That means insurers must reach people in other ways. AmeriHealth Caritas, which operates in 13 states and the District of Columbia and serves approximately 5 million Medicaid, Medicare and Children’s Health Insurance Program members, is promoting two videos and a one-page handout that offer enrollment assistance.

The first AmeriHealth Caritas video is “Medicaid 101,” which explains how the program works, and the second is “How to Enroll in Medicaid.” The one-page handout explains in relatively simple terms how people can get organized and apply for Medicaid coverage in their state of residence.

Care N’ Care, which has both MA HMO and PPO plans, is hoping to reach newly unemployed and uninsured seniors by stressing in a public relations campaign that those people don’t need to wait until open enrollment begins later this year to choose an MA plan.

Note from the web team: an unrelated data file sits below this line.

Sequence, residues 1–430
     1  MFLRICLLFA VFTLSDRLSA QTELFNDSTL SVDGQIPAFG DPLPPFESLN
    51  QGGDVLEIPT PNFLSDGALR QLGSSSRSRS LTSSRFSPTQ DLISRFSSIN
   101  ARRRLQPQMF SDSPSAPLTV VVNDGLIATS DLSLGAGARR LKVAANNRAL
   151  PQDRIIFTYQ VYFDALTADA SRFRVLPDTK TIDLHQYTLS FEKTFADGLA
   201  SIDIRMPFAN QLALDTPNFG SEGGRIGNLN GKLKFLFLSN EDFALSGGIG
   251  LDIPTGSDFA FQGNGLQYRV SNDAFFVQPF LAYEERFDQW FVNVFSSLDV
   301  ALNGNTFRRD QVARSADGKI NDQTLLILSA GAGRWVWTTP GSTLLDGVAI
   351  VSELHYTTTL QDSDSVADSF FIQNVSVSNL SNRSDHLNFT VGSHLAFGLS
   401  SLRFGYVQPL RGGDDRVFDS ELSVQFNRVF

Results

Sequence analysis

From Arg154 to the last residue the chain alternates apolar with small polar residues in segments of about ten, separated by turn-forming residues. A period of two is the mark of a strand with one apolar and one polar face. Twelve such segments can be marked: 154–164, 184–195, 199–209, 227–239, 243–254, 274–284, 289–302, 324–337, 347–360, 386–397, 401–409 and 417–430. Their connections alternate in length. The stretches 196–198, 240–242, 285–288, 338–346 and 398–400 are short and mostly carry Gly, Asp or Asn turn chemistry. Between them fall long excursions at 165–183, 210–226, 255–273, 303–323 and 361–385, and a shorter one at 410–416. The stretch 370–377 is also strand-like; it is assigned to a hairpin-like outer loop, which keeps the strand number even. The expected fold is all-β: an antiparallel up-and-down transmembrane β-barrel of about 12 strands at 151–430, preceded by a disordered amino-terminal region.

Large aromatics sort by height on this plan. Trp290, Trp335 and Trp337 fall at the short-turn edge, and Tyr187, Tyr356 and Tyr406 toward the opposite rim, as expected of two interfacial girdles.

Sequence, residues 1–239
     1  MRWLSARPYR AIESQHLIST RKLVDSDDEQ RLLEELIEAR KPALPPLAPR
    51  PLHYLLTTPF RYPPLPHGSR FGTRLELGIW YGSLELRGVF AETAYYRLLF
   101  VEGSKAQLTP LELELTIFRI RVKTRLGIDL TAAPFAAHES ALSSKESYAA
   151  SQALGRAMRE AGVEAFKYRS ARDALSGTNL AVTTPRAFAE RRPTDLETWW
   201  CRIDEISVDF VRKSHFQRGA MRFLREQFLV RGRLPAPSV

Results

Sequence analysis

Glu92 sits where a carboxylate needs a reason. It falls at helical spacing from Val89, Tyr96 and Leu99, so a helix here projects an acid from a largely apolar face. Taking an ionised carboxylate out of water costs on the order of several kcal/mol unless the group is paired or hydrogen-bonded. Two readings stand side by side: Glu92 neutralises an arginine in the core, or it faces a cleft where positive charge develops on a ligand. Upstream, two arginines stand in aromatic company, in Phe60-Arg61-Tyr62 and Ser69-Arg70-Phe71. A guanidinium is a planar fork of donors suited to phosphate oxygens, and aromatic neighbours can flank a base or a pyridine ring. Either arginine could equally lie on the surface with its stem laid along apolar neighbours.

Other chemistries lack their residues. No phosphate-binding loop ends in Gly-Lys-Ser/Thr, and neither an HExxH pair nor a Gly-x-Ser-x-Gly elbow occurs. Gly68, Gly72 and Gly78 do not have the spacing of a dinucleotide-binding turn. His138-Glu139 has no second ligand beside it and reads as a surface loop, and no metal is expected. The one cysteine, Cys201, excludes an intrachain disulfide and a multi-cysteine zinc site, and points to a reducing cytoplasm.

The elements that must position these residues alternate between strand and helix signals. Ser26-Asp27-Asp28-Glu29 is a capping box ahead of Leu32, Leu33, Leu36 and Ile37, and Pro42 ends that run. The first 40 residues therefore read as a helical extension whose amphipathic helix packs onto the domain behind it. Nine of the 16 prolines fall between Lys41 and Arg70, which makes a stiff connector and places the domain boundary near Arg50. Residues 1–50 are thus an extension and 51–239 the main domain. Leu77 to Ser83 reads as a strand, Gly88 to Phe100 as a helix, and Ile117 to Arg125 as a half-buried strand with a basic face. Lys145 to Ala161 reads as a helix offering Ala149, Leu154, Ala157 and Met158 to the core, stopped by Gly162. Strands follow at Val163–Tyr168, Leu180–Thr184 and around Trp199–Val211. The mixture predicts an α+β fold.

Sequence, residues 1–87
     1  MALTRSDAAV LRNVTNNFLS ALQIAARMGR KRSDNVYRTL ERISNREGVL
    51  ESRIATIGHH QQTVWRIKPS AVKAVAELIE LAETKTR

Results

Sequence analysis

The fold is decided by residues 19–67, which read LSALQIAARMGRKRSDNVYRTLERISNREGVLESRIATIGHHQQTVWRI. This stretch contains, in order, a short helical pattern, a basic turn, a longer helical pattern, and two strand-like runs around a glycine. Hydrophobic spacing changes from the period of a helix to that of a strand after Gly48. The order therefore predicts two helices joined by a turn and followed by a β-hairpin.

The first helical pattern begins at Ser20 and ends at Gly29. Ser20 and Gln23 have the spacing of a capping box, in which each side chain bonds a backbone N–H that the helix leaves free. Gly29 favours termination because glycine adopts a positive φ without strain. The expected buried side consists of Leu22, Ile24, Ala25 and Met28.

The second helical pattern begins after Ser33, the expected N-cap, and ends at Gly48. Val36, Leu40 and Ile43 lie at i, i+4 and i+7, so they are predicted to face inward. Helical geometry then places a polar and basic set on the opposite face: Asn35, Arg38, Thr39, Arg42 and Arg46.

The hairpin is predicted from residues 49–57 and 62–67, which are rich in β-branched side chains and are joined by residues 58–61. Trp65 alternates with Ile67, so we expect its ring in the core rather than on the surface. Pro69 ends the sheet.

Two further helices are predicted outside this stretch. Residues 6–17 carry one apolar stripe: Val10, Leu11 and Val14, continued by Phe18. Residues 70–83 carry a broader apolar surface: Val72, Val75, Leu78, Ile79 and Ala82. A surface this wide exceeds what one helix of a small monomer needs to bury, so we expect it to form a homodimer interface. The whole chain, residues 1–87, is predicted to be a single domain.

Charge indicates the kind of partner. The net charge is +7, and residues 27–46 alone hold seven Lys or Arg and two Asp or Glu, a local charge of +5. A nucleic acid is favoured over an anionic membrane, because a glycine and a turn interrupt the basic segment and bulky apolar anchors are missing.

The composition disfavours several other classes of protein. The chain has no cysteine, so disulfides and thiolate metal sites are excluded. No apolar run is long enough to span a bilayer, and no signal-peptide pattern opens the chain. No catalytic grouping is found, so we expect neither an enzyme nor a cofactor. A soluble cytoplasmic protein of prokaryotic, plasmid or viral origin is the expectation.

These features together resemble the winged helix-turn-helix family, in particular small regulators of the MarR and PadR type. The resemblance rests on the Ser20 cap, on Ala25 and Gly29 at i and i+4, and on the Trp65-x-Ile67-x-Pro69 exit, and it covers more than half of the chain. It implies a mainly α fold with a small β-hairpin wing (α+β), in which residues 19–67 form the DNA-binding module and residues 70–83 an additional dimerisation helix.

“These newly uninsured seniors comprise one of the tragic but seldom talked-about consequences of the coronavirus,” says Wendy Karsten, Care N’ Care CEO. “These seniors had coverage under their employer’s health insurance but now need to hurriedly enter the individual insurance market and shop for a Medicare plan.”

There’s evidence of a significant unmet need for consumer assistance in navigating health coverage options, including individual market coverage and Medicaid coverage, according to an analysis released Aug. 7 by the Kaiser Family Foundation.